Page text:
Parkinson’s Disease
• H. 2378, An Act relative to Parkinson’s disease disability and death in firefighters
• S. 1542, An Act relative to Parkinson’s disease disability and death in firefighters
• S. 1546, An Act relative to Parkinson’s disease disability and death in firefighters

Post-Traumatic Stress Disorder
• H. 3785, An Act relative to the disability of death caused by PTSD
• S. 1509, An Act relative to disability or death caused by infectious diseases, presumption

Cancer for Police Officers
• H. 2174, An Act relative to municipal police officer disability benefits
• H. 2240, An Act providing disability benefits for police officers with certain conditions of cancer
• H. 2284, An Act relative to the cancer presumption for police officers

Lung or Respiratory Tract Diseases
• H. 2175, An Act relative to defining certain disabilities

Contagious or Infectious Diseases
• H. 2261, An Act relative to disability or death caused by contagious diseases, presumption
• H. 2285, An Act relative to disability or death caused by contagious diseases, presumption
• H. 2381, An Act relative to disability or death caused by contagious diseases, presumption
• S. 1485, An Act relative to disability or death caused by infectious diseases, presumption
• S. 1509, An Act relative to disability or death caused by infectious diseases, presumption
• S. 1595, An Act relative to the safety of fire, police and EMTs from contagious diseases

HIV, AIDS and Hepatitis
• H. 2277, An Act to amend the presumptive disability law

Mental Impairment
• H. 2297, An Act relative to municipal police department employees

The MMA opposes S. 1531, An Act relative to disability pensions for violent crimes, which would make employees who are subjects of violence while performing their jobs eligible for accidental disability pensions. There already is a proven avenue through the home rule petition process for an employee to receive additional disability retirement benefits in the unusual circumstance of injury through a violent act. Local officials must retain the ability to pay accidental disability benefits to victims of violent crimes as individual cases arise. To date, there have been approximately 50 people retired for permanent disabilities incurred as a result of a violent act since 1948 under the home rule petition process. The home rule petition allows cities and towns and the Legislature to acknowledge the sacrifice of public employees at the local level on a case-by-case basis, and ensures that accidental disability benefits are extended only when appropriate. We ask the Committee to not report this bill out.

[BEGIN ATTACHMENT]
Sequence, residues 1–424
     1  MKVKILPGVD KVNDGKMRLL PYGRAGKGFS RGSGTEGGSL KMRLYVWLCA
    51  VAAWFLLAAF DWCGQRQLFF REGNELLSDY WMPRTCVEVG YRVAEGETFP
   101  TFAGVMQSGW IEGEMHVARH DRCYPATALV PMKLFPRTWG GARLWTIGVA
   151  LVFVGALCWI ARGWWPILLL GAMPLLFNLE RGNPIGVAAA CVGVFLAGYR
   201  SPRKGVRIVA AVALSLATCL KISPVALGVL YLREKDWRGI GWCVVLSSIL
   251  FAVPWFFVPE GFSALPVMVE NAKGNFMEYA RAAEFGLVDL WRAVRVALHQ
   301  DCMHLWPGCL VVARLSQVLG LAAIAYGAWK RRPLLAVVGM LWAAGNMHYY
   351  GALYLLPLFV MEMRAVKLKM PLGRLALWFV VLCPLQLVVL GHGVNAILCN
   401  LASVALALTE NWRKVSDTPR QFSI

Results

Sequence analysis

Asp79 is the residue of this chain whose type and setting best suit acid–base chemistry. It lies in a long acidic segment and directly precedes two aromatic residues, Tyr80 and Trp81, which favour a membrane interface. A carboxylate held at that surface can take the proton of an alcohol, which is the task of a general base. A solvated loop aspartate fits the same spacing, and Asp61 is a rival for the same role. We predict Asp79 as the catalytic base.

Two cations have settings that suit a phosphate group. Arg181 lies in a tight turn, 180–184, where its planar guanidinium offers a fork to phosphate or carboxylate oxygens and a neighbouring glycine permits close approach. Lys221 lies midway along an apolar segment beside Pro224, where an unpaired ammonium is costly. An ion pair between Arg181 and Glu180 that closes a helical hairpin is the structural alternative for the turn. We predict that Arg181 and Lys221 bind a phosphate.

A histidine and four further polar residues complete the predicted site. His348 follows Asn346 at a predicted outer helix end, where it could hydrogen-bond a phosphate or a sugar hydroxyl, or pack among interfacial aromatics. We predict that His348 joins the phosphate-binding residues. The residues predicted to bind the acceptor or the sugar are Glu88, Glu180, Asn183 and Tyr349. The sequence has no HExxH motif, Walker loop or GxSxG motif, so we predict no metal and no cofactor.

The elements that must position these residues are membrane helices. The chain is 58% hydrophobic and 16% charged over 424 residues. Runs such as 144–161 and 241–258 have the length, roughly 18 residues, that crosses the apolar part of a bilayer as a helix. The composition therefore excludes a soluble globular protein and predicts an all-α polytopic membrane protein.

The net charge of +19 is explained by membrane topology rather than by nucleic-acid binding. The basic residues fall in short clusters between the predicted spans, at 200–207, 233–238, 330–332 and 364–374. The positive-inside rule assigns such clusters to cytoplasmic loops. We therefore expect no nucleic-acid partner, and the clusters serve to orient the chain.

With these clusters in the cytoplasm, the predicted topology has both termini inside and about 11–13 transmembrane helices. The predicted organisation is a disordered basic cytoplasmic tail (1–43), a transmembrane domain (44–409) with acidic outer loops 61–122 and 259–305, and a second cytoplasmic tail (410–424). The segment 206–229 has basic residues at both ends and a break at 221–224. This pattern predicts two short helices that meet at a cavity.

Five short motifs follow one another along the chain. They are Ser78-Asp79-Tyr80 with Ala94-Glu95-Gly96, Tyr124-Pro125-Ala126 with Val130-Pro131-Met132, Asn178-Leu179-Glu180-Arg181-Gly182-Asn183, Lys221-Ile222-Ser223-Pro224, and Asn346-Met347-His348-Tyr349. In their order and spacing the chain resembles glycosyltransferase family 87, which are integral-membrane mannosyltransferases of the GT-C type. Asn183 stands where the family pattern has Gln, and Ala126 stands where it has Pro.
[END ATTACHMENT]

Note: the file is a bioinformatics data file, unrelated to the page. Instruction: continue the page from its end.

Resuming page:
The MMA opposes several bills on the agenda relative to increasing disability benefits and line-of-duty survivor benefits. These bills would significantly increase costs for municipalities when they are already facing pension and other-post-employment benefits (OPEB) liabilities that are double that of the state at over $30 billion, we urge the Committee to perform cost analyses on these bills:

• H. 2198, An Act relative to the oversight of disability pension benefits
• H. 2224, An Act relative to injury disability application for firefighters
• H. 2276, An Act relative to line-of-duty death and survivor benefits
• S. 1484, An Act relative to survivor retirement benefits
• S. 1494, An Act relative to injury disability application for firefighters
• S. 1596, An Act relative to line of duty death benefits

We appreciate the opportunity to represent the interests of cities, towns and local taxpayers regarding the legislation before you today. Municipal leaders are deeply committed to the health, safety and financial well-being of their employees, yet it is also essential that substantial extensions and increases in benefits be defensible in terms of actual causality, supported by real Massachusetts-based data, and affordable for the citizens of the Commonwealth. If you have any questions or need additional information, please do not hesitate to contact me or MMA Senior Legislative Analyst Lisa Adams at 617-426-7272 at any time.

Thank you.

Sincerely,

Geoffrey C. Beckwith
Executive Director & CEO